Kathy Smith gets slices of pizza ready. She has been volunteering at the festival for about 30 years. “Oh, it’s wonderful,” she said. “It’s nice to get together with all of the ladies.”

Other popular Italian foods were available including eggplant parmesan, meatball sandwiches, pasta fagioli, shells and spaghetti.

Lena Pellegrino and Brian Welch worked together making fried dough.

Scott Vogler, his wife Jennifer and their daughter Olivia are part of the team serving eggplant parmesan and shells. They are from Irondequoit. Scott’s mother-in-law Ellen Englert has been a long-time volunteer at St. Rocco’s.

People line up to get their tickets for some of the food.

Joe Chiappone of Lockport wears a T-shirt he bought in Cleveland. He said the shirt gets a lot of comments. “Everybody laughs,” he said. “It’s the truth though,” he said about the shirt’s message. Chiappone attended the festival to play in the bocce tournament. He has been coming every year for 20 years.

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Albion, Holley police will have defibrillators in patrol cars

By Tom Rivers, Editor Posted 23 August 2018 at 7:26 am

ALBION – A grant from the Greater Rochester Health Foundation will allow the Albion and Holley police departments to add defibrillators to all of their patrol cars, as well as one for the police stations.

Roland Nenni, police chief for both departments, was notified on Tuesday that the Foundation approved an $11,700 grant for 11 defibrillators. An Automated External Defibrillator delivers a dose of electric current to the heart.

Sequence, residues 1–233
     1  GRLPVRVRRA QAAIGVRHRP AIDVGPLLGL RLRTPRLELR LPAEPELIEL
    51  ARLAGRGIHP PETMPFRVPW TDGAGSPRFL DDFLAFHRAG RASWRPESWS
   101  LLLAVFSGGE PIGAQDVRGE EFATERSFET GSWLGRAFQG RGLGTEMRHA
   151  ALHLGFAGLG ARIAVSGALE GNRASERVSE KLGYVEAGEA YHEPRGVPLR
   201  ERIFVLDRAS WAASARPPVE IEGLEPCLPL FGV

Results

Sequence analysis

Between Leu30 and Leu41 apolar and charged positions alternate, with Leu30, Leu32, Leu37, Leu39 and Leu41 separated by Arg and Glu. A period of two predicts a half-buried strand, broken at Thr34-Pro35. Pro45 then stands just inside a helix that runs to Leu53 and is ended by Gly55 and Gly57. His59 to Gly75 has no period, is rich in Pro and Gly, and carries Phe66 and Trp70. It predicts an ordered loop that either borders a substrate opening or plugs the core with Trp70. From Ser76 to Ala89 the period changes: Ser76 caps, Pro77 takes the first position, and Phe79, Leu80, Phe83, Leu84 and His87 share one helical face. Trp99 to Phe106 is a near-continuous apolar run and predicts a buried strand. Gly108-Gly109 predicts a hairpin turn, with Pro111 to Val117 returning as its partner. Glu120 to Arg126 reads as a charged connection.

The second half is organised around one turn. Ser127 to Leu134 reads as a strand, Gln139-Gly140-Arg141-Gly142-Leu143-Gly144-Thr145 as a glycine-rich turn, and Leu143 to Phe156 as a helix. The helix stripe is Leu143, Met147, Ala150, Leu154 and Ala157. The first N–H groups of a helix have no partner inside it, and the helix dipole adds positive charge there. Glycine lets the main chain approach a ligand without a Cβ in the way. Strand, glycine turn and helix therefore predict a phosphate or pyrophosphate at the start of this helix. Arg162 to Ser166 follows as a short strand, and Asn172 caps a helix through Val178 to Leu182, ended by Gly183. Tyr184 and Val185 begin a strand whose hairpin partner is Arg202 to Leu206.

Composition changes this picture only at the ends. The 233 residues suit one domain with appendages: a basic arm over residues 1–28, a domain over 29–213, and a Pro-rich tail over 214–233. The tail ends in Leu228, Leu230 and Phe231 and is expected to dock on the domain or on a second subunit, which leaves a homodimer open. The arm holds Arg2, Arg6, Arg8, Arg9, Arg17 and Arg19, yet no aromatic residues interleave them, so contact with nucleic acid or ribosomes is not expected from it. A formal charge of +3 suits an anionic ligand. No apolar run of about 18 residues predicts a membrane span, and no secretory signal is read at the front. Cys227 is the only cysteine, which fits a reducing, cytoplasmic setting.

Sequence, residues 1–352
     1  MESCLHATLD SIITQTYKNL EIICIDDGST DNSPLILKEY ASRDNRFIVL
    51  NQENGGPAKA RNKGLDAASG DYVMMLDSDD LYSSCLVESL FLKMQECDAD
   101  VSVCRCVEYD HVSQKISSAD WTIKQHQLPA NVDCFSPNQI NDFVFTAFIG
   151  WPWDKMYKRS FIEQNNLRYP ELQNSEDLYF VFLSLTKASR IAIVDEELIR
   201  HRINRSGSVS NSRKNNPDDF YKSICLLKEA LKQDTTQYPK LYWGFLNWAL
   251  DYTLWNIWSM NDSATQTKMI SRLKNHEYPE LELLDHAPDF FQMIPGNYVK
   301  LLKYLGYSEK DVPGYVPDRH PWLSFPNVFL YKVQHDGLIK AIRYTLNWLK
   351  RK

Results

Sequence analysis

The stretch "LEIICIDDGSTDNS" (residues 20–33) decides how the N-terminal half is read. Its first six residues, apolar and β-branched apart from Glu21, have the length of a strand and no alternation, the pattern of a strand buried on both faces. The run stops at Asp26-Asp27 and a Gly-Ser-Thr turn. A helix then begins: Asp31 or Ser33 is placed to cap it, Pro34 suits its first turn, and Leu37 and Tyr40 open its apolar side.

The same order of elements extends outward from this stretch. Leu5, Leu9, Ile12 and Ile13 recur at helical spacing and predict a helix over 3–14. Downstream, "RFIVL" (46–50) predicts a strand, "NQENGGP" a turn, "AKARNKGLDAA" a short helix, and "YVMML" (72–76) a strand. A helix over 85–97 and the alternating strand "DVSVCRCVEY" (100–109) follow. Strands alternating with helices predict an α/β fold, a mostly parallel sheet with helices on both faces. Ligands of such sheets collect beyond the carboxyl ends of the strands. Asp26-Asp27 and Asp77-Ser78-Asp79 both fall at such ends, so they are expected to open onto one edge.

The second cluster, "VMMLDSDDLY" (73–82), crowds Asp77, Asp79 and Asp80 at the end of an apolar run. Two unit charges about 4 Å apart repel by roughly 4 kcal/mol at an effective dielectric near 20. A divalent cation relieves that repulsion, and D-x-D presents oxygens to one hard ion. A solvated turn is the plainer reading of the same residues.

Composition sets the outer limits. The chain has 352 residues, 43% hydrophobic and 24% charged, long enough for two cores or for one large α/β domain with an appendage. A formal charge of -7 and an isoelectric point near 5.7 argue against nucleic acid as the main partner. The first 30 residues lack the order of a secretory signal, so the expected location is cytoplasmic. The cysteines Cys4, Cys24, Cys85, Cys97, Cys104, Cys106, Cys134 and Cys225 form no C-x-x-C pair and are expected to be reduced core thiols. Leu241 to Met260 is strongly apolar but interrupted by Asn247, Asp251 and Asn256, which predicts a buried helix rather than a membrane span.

The Albion and Holley officers go to EMS and fire calls, often the first on the scene. Nenni said the officers have been the first to respond when someone is in cardiac arrest. Having the defibrillators will increase the chances of saving people having a heart attack. Right now, officers can only provide CPR for someone in cardiac arrest.

“I’m really excited about it from a public service standpoint,” Nenni said Wednesday after informing the Albion Village Board of the grant. “We go on hundreds of EMS calls.”

Nenni has been an emergency medical technician the past 28 years. He is a former Holley fire chief. Providing care within 6 minutes of a heart attack is critical, he said.

He also wanted the defibrillators in the patrol cars in case a police officer went into cardiac arrest.

The defibrillators will be installed in six Albion patrol cars, two Holley patrol cars, and one each at the Holley and Albion police stations. There will also be one available for training.

Nenni said he is pushing to have them purchased and in service by Nov. 1.